would mean teachers placed on the fast path may become disillusioned and leave
the teaching profession and we may end up with less bright minds running our
schools. We want nothing less than the best to be in charge of our schools so
that would mean we are not prepared to go this route.
Should we farm out discipline to contractors and
let them handle our errant students? That would be nice but would bring its
own set of problems. With outsiders coming into our schools, our parents would
worry about the safety of their children. It's an area we should tread
Also, no matter how many staff these contractors
post to schools, these staff cannot be in every class at every moment.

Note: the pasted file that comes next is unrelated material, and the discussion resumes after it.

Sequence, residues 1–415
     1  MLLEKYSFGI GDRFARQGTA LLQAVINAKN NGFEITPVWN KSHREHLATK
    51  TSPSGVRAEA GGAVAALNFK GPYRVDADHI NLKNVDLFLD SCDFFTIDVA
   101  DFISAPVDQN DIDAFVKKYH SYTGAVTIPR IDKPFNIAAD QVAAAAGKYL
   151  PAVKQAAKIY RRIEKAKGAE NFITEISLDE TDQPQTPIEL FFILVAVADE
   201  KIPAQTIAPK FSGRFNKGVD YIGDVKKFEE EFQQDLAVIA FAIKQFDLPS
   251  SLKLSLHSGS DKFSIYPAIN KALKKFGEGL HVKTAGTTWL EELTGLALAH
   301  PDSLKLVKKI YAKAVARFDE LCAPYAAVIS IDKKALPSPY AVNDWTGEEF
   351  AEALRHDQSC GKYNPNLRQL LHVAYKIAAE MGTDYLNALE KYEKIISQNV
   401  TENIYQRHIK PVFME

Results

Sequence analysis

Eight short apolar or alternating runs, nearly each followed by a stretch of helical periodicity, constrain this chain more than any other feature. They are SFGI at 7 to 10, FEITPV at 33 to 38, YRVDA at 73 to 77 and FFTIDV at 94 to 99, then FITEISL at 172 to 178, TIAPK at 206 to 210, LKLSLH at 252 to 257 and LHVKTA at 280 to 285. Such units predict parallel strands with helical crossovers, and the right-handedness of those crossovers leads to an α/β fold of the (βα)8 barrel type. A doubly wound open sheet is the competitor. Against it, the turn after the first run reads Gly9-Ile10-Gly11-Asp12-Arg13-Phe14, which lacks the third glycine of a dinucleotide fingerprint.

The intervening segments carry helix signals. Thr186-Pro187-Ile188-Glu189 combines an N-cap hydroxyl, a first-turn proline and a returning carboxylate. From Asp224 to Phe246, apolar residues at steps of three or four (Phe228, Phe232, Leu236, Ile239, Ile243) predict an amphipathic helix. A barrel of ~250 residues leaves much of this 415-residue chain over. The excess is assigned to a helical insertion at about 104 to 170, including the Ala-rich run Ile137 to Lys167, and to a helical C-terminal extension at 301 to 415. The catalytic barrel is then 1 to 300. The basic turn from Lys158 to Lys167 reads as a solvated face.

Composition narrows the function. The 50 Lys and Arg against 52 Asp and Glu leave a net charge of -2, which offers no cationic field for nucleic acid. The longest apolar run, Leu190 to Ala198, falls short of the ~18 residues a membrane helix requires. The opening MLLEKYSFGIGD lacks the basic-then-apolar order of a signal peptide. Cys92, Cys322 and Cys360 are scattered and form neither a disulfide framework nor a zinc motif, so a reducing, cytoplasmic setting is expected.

Teachers would still have to face their students. How often can they send
their charges for disciplining without undermining their own performance
assessment reports at the end of the year?
A Straits Times reader suggested in the
newspaper's Forum page on 12 Apr 2005 that "teachers quit because of the
structural deficiencies in the education system". He said "the only way to
ensure that our teachers get adequate support is to heed feedback, be it
positive or negative". Teacher welfare is important, for in it lies the
welfare of our students.
In the same Straits Times edition, another reader
wrote "I have taught different types of students, from gang leaders to
smart geeks. Each student is unique. What is heartening for me is that after
they leave school, they mature and carry the seed sown into their lives in
their respective paths".
We must help our teachers so that they can do what
they do best - growing our students.